Search Images Maps Play YouTube News Gmail Drive More »
Sign in
Screen reader users: click this link for accessible mode. Accessible mode has the same essential features but works better with your reader.

Patents

  1. Advanced Patent Search
Publication numberUS3275950 A
Publication typeGrant
Publication dateSep 27, 1966
Filing dateApr 29, 1963
Priority dateApr 29, 1963
Publication numberUS 3275950 A, US 3275950A, US-A-3275950, US3275950 A, US3275950A
InventorsBirr Edmund E
Original AssigneeTeleviso Electronics Division
Export CitationBiBTeX, EndNote, RefMan
External Links: USPTO, USPTO Assignment, Espacenet
Double sideband suppressed carrier balanced modulator circuit
US 3275950 A
Images(1)
Previous page
Next page
Description  (OCR text may contain errors)

E. E. BIRR Sept. 27, 1966 DOUBLE SIDEBAND SUPPRESSED CARRIER BALANCED MODULATOR CIRCUIT Filed April 29, 1963 MUEDQW UUKDOW 41205 dmimdu 201. r3031:

United States Patent 3,275,950 DOUBLE SIDEBAND SUPPRESSED CARRIER BALANCED MODULATOR CIRCUIT Edmund E. Birr, Lombard, Ill., assignor to Televiso Electronics, Division of Doughboy Industries, Inc., Wheeling, 111., a corporation of Wisconsin Filed Apr. 29, 1963, Ser. No. 276,289 5 Claims. (Cl. 332-43) The invention relates generally to electronic devices and more particularly to a signal translating device comprising an improved double sideband suppressed carrier balance modulator circuit.

In many applications it is desirable to generate a double sideband suppressed carrier signal. Since, in accordance with the principles of carrier modulation, the intelligence to be transmitted by means of a modulated radio frequency carrier signal appears entirely in the sidebands which result from the modulation process, the elimination of the carrier signal altogether offers many advantages. Among these are the more elficient deployment of the available radio frequency spectrum the multiplexing of a plurality of signals on a single electrical line, the further elimination of one set of the sidebands to produce a single sideband suppressed carrier signal for additional conservation of spectrum utilization, and various special cases which require properly phased double sideband signals for such applications as radio direction finding. As an illustration of an application of the latter, the instrument landing system localizer beam for aircraft guidance guidance utilizes in part a method of double sideband modulation which enables the aircraft to receive highly accurate position information as a result of the relationship between the reception of a modulated carrier frequency and the reception of a set of double sideband modulated frequencies, both of which are transmitted and suitably phased with respect to the desired flight path of the aircraft by means of directive antenna arrays.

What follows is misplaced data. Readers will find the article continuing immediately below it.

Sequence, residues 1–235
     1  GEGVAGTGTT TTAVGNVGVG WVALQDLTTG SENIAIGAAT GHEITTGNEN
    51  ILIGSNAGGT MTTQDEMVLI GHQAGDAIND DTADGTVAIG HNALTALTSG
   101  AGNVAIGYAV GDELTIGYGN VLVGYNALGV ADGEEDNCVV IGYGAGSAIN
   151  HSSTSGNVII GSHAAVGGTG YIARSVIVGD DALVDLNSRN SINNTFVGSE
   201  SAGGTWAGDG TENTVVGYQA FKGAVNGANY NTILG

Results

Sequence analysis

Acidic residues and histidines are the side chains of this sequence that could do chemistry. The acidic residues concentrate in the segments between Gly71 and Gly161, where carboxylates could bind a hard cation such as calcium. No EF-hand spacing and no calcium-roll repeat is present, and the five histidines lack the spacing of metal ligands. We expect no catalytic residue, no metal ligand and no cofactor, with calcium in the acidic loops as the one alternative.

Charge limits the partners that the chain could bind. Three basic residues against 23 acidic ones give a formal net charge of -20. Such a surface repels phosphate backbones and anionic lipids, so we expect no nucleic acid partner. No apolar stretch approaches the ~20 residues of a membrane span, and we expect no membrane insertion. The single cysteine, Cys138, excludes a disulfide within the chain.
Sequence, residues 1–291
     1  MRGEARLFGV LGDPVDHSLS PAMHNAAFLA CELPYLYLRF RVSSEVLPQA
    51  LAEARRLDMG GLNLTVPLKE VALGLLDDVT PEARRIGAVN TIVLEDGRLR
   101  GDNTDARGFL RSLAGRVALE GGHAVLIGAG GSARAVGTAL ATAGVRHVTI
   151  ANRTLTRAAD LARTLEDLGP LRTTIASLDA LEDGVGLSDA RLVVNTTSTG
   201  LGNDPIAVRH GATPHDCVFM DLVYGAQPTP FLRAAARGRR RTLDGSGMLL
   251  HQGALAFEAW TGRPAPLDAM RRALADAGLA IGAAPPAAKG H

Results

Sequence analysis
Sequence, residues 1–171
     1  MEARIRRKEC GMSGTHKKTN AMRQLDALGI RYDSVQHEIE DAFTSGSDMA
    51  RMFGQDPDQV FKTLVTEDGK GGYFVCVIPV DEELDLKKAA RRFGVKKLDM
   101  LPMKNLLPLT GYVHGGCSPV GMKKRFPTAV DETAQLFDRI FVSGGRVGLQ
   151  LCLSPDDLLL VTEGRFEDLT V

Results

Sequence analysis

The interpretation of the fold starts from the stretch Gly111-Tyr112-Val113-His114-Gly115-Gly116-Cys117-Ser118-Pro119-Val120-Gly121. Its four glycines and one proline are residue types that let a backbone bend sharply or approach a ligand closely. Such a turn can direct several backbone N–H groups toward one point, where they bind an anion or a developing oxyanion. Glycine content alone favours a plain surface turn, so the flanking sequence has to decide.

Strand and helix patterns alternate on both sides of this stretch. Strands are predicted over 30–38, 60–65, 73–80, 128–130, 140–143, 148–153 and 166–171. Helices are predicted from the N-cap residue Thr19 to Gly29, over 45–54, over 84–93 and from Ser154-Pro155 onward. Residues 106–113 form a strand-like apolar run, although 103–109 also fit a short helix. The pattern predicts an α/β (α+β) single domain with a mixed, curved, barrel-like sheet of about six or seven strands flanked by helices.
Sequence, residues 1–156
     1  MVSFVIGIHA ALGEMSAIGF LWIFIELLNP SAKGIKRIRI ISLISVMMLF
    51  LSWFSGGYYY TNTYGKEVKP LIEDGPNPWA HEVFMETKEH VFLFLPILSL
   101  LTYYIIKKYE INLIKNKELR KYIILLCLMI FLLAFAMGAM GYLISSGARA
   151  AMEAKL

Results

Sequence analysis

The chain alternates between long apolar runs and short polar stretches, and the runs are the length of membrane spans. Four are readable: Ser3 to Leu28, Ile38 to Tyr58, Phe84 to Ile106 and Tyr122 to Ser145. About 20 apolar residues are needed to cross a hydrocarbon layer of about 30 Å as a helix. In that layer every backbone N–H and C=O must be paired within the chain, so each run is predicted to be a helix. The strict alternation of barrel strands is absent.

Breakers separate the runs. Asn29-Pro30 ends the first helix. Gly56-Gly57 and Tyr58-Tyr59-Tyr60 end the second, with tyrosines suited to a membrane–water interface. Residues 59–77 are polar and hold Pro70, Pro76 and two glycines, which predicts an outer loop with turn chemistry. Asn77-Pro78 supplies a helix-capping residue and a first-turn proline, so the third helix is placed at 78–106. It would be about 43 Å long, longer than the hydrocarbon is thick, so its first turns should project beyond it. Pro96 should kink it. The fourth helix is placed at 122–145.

There are a considerable number of ways in which a double sideband suppressed carrier signal can be generated, but generally all of the methods require some form of balanced modulator. A typical balanced modulator comprises two amplifiers, each having an input circuit which introduces the carrier signal in the same phase to each amplifier, and an output circuit to which is applied the desired modulating signal or signals and which is connected together in such a way that the carrier signal is cancelled in the output circuit leaving only the sideband modulation components. Since any non-linear element will effect modulation of two or more separate input signals, it is possible to design balanced modulators by utilizing the non-linear characteristics of either vacuum tubes, such as amplifiers for use as active modulator elements, or by utilizing the non-linear characteristics of solid state devices including crystal diodes, such as diode ring modulators for use as passive modulator elements.